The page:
The Federal Reserve Bank of New York’s Centre for Microeconomic Data recently issued its Quarterly Report on Household Debt and Credit. The report shows an increase in total household debt in the US, with an increase in credit card debt, auto loan balances, student loans and mortgage balances.
The increase in total debt in 4Q22 is the largest nominal quarterly increase in 20 years. Also rising are delinquency rates. The delinquency level still appears relatively low but has increased more significantly in auto loan and credit card debt, particularly for younger borrowers.
Rising interest rates are an obvious contributing factor to the increasing level of delinquency. Auto loans in the US tend to be on a fixed rate basis, so only newer auto loans feel the effect of increased rates; however, credit card debt is variable.
The other potential factor driving increasing delinquency is inflation. Admittedly, the two (interest rates and inflation) go hand-in-hand. Americans have been facing higher prices on all items, including purchases they may be putting on their credit cards. Increasing prices and, correspondingly, increasing debt service payments may be cutting borrowers’ balance sheets and making it more difficult for them to make ends meet, mainly as real disposable income fell in 2022.
The US is, of course, not the only country to be experiencing more “sticky” inflation. German inflation rose to 8.7% y/y in January, with the main contributors being “cost of living” components, namely, housing, water, electricity, gas, and other fuel.
Inflation in February rose 7.2% y/y in France and 6.1% y/y in Spain. European government bond prices have fallen sharply and yields across the Eurozone have risen. Therefore, it is unsurprising that the European Central Bank (ECB) has maintained its hawkish tone and is likely to raise rates by a further 50bps in March. A March increase would take the rate up to 3%, which is quite a reversal from negative 0.5% last year. European money markets are pricing in a 4% interest rate by the end of the year.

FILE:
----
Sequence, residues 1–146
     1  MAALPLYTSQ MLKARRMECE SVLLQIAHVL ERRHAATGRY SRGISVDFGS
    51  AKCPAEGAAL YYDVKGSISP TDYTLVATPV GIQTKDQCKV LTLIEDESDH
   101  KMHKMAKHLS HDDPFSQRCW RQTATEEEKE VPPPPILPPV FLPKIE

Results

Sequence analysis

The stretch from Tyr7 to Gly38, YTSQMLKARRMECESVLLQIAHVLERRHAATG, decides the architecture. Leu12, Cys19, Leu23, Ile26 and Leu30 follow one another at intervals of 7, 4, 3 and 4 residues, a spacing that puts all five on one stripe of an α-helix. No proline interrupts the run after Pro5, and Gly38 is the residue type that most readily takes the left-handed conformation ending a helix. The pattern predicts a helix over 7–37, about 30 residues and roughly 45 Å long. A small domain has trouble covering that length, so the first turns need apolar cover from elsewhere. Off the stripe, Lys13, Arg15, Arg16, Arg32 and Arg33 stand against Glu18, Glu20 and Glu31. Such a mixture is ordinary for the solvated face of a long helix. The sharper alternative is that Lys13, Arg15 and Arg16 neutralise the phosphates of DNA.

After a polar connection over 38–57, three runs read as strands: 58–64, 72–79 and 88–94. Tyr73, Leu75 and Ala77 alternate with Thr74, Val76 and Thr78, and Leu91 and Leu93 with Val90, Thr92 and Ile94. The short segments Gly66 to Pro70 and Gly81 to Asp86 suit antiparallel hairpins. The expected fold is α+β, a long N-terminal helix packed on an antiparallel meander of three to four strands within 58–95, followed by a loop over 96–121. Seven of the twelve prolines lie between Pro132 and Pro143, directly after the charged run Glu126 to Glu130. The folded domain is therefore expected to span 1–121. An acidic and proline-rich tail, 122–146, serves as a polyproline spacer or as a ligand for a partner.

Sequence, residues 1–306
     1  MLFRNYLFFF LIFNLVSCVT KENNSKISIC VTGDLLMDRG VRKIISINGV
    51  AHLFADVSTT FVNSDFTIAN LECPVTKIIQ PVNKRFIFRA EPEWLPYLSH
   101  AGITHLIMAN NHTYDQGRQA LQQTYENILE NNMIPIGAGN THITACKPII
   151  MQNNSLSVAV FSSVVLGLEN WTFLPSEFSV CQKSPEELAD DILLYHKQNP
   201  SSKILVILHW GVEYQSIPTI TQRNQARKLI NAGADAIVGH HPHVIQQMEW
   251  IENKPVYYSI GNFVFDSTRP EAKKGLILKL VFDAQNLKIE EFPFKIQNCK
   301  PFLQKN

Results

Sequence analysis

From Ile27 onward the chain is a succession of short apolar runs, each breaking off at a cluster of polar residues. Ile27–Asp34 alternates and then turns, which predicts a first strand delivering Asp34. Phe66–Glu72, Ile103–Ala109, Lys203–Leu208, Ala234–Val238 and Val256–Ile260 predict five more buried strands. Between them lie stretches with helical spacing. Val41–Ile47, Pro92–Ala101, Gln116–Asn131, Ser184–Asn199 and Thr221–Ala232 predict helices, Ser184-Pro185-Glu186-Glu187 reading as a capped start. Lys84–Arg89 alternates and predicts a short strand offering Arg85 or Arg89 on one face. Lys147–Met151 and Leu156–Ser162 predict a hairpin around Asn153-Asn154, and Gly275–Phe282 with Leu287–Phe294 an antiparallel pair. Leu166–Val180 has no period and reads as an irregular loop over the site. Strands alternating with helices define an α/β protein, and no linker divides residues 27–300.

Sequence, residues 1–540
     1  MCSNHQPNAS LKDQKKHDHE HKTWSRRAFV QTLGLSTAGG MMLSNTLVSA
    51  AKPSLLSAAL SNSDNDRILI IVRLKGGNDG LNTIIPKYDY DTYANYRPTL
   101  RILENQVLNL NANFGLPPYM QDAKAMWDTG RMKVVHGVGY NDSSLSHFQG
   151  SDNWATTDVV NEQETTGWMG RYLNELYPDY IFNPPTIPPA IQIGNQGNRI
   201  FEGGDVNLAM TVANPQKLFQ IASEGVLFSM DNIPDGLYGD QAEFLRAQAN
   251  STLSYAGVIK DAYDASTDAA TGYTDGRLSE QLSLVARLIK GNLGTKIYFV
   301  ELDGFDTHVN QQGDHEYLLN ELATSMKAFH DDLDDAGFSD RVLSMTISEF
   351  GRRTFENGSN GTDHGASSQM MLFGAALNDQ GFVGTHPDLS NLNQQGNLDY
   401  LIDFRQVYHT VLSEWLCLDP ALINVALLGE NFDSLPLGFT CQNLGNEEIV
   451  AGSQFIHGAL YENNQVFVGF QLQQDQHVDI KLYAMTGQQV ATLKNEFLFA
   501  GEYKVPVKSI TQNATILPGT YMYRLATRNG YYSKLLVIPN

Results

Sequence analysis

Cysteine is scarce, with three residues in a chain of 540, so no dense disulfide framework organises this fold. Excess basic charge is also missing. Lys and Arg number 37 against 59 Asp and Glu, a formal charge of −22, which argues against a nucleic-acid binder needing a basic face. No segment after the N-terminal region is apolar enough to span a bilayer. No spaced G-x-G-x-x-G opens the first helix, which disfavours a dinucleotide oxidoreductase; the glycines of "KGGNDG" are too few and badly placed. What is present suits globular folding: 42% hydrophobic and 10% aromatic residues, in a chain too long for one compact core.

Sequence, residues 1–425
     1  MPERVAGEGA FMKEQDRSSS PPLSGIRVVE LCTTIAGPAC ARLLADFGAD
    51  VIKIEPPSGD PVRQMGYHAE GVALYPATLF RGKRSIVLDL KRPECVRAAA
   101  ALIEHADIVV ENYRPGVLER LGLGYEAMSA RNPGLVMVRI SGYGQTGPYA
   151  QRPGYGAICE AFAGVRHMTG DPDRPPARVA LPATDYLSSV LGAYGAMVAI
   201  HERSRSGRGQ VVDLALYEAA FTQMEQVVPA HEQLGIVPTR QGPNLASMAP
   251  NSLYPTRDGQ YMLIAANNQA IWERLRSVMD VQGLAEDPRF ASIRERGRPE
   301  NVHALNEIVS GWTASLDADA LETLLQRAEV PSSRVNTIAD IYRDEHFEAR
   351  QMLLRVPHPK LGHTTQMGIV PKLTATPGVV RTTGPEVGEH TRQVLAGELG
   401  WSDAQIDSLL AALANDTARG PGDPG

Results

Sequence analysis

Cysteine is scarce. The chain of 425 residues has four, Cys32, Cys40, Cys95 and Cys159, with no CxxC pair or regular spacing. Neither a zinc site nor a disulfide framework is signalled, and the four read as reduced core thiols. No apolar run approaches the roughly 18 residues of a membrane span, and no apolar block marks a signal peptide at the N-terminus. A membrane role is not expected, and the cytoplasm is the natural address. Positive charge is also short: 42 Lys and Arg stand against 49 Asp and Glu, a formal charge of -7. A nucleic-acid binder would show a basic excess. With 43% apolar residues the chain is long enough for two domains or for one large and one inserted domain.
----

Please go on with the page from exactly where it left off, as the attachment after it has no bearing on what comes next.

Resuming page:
There is no doubt that the macroeconomic and market environment remains challenging. It is increasingly clear that what was initially marketed as “transient inflation” due to Covid-related supply chain disruptions has become a more entrenched phenomenon. With their inflation-targeting mandates, central banks have no alternative but to raise interest rates to slow and reverse some of the inflationary effects.
A sharply rising interest rate cycle differs from the conditions markets have experienced recently. Increased rates feed into the pricing of multiple financial assets, particularly when assessing the present value of future prospective cash flows.
Rising interest rates also impact non-financial assets by slowing credit lending by the banks and increasing delinquencies. As borrowing costs increase, companies needing re-financing may choose to curtail their expansionary ambitions.
Therefore, the macroeconomic environment impacts both financial markets and the “real economy” in various ways, increasing the risk of economic slowdown and reducing appetite for what are perceived as riskier assets.
14 March 2023